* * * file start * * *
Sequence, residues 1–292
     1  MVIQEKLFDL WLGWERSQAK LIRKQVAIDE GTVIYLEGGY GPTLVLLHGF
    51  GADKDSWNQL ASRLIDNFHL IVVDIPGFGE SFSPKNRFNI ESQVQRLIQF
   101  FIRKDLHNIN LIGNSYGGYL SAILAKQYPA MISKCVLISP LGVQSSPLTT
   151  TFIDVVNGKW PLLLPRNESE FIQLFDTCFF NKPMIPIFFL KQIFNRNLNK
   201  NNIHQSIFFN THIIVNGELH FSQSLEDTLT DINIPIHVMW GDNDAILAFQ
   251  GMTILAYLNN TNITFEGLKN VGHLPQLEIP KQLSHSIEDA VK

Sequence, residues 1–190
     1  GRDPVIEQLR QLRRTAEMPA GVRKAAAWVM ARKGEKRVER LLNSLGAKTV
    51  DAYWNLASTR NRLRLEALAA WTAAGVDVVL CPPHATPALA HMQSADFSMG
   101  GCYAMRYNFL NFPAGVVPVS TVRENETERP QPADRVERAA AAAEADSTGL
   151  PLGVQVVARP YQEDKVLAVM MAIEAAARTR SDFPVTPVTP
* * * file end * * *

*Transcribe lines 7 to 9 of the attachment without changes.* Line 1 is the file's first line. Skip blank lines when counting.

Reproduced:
   251  GMTILAYLNN TNITFEGLKN VGHLPQLEIP KQLSHSIEDA VK

Sequence, residues 1–190
     1  GRDPVIEQLR QLRRTAEMPA GVRKAAAWVM ARKGEKRVER LLNSLGAKTV